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Nestlé Accused of Violating OECD Guidelines in the UK Posted to the IUF website 04-Oct-2006 Share this article.
Nestle is once again in the dock at the OECD, where the IUF, acting on behalf of its UK affiliates, has charged the company with flagrant violations of the OECD Guidelines for Multinational Enterprises in connection with the latest job-cutting exercise in the UK.
The OECD Guidelines, whose provisions and implementation procedures have been accepted by all OECD and other adhering governments, set out clear standards governing the relationship between foreign direct investment by multinational companies and the social, political and human rights context in which they operate. The Guidelines specifically prohibit companies from invoking the threat of production transfers abroad to influence the outcome of collective bargaining negotiations. Nestlé, however, doesn't seem to get it - despite having had their hands burned over the very same issue in Korea three years ago.
In the 2003 Korean conflict, Nestlé locked out workers at manufacturing, warehouse and distribution centers across the country in an attempt to unilaterally impose its restructuring plan on the workforce. When the union failed to submit, Nestlé tried to pressure workers - and the government of Korea - by publicly threatening to transfer production to China.
Through the OECD procedures invoked by the IUF in Korea and in Nestlé's home base of Switzerland, management was ultimately compelled to enter into the negotiations it initially rejected.
Now they're at it again, this time in the UK, where a long series of management blunders and systematic failure to invest in productive capacity (while handsomely rewarding investors) have led to a loss of market share in confectionery.
Net profits at Nestlé rose by 11.4% in the first 6 months of 2006, beating analysts' expectations and boosting share prices, already riding high on the back of previous buybacks. CEO Peter Brabeck praised the "excellent levels of growth and profit margin."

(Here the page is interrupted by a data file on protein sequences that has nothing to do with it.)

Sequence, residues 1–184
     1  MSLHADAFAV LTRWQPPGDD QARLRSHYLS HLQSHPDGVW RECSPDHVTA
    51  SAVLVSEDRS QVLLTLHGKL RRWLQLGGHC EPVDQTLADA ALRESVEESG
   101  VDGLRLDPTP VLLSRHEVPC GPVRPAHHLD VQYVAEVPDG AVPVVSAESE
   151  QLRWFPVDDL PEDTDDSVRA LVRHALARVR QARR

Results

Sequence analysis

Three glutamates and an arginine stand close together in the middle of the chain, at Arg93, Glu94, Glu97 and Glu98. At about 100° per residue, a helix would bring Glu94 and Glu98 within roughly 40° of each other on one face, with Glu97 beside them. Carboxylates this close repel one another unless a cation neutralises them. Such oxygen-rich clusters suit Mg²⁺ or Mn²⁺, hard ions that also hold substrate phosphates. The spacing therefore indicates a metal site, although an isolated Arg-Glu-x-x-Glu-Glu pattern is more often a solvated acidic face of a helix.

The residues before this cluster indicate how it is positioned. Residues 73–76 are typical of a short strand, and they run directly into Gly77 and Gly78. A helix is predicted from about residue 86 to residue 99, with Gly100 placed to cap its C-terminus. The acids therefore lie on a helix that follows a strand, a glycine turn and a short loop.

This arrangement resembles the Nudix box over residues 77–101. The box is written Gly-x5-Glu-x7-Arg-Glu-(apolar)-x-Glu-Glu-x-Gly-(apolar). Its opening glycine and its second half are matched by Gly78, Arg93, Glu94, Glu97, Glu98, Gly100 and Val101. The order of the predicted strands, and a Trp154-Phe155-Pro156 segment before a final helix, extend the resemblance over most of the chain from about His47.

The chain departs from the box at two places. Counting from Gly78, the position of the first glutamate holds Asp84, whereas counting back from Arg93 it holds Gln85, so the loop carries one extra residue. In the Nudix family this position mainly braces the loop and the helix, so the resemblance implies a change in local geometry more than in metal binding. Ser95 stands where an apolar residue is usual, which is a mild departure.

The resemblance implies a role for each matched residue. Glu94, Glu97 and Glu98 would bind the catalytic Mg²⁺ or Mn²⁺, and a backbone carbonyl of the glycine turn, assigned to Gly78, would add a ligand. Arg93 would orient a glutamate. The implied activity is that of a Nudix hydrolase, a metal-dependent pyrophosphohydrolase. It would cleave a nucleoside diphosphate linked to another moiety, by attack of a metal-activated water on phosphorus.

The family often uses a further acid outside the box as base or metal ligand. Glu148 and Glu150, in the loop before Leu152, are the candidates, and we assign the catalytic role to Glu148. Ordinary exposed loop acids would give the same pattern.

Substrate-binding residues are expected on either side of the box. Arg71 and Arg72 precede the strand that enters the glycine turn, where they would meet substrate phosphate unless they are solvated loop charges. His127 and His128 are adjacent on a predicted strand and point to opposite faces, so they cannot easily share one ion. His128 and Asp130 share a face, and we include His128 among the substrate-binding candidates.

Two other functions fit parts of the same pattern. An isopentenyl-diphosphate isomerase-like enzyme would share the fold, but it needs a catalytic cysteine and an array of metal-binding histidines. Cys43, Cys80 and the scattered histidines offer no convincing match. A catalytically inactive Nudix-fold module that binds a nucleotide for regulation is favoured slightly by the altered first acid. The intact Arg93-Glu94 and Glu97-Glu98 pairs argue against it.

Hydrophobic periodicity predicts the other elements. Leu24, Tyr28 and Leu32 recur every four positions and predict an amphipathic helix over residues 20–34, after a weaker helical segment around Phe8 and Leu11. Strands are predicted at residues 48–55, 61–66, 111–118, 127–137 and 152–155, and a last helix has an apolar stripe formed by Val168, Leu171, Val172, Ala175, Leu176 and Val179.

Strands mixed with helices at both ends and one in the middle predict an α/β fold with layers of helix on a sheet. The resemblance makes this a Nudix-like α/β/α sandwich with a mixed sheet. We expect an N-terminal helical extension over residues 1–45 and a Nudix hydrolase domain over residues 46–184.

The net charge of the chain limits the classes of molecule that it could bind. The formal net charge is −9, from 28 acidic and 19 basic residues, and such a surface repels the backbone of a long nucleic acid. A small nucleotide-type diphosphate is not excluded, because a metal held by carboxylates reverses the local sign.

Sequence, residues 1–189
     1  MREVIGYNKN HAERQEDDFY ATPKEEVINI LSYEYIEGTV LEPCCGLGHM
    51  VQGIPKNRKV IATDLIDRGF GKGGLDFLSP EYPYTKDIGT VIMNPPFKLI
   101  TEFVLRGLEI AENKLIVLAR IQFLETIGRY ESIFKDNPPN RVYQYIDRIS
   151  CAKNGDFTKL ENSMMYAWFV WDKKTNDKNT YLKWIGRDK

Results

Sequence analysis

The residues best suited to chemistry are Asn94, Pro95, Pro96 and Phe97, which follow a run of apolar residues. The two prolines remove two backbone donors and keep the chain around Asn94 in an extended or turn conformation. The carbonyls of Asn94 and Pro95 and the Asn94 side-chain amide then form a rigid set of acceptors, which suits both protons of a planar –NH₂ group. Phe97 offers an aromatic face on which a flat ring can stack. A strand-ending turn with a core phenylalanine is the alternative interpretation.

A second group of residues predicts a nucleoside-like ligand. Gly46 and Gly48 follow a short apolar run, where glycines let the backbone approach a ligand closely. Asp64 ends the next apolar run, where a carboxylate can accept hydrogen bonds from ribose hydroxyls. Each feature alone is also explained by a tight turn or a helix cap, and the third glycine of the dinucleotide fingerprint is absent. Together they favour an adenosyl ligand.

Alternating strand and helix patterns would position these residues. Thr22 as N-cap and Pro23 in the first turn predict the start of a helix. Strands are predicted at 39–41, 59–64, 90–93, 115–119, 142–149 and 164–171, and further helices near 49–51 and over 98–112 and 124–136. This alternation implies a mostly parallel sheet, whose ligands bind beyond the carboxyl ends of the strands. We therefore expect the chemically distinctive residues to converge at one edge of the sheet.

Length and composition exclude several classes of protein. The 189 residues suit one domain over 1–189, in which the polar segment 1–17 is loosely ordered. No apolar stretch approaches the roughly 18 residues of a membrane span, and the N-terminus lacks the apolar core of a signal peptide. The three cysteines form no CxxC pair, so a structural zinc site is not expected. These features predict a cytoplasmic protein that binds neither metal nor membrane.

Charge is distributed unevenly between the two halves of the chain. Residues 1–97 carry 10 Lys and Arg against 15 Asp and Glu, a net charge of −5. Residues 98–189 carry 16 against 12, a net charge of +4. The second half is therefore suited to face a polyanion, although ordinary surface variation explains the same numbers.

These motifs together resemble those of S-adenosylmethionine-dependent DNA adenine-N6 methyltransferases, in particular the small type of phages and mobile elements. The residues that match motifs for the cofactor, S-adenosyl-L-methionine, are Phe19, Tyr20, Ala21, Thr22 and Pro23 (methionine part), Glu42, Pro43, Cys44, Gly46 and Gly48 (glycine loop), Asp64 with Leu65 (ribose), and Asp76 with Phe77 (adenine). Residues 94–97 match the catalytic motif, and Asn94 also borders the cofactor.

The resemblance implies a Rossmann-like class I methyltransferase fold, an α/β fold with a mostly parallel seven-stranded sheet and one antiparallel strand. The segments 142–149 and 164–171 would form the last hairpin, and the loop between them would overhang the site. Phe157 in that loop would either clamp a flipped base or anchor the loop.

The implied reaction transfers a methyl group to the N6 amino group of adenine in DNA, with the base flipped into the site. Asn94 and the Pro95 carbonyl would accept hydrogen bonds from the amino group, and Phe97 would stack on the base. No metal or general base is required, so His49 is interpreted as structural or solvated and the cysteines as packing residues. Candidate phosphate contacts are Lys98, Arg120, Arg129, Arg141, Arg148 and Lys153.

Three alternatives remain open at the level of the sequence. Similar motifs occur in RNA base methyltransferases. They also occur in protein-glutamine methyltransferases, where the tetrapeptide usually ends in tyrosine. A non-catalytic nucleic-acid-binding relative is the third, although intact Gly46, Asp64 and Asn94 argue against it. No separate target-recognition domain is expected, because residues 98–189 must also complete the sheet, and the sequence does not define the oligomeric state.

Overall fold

In early July, Nestlé management informed trade union representatives at the company's UK Rowntree confectionery sites that it would be seeking a 15% reduction in wages and benefits for all Rowntree employees. Union representatives were told that if they did not comply, the future of chocolate production in the UK would be in jeopardy. The unions responded by declaring their willingness to work together with management to examine possible cost reductions.
On August 21, Nestlé management at the York Rowntree facility announced that it would be eliminating jobs as part of the restructuring. Union representatives were also told that certain product lines would be transferred in whole or in part to other Nestlé plants in Europe. On September 20, management announced the figures - 645 jobs would be eliminated at York. These come on the back of 264 redundancies earlier this year at Nestlé Rowntree in York.
At that same meeting, Nestlé management informed employees and trade union representatives that it was unilaterally withdrawing from existing collective agreements setting out terms and conditions of employment. The unions were given 90 days to "negotiate" - provided the result gives Nestlé the reduction in wages and benefits it insists on. Against a background of proposed production transfers and the implicit threat of future transfers, Nestlé's written notification to employees dated September 20 states: Should agreement not be achieved, new terms and conditions will be applied via a process of termination and re-engagement.
Moreover, since the company has informed union representatives at all UK Rowntree sites of its intention to similarly reduce wage and benefits through the UK Rowntree system, it has effectively used the threat of production transfers to hamper the eventual process of negotiations at the country's three other Rowntree facilities.
By invoking the threat of current and possible future production transfers abroad to influence the outcome of a negotiating process, Nestlé has clearly breached Section IV.7 of the OECD Guidelines, which states that enterprises should:
In the context of bona fide negotiations with representatives of employees on conditions of employment, or while employees are exercising a right to organize, not threaten to transfer the whole or part of an operating unit from the country concerned … in order to influence unfairly those negotiations.
CEO Brabeck has expounded a "Nestlé model" delivering "shareholder value" to investors through double-digit profits, increased dividends and regular share buybacks. The women and men around the world who work in that system have come to know the underside of the model, namely shareholder value through job destruction, in which permanent restructuring and the permanent threat of production transfers are a permanent feature of working for Nestlé.
Through its submission to the OECD representatives in the UK and Switzerland, documenting Nestlé's violation of the Guidelines for Multinational Enterprises, the IUF aims to pressure Nestlé to abide by internationally recognized rules. The IUF's UK affiliates at the York Rowntree facility - Amicus and GMB - seek genuine negotiations, not corporate ultimatums backed by public threats to move production out of the UK.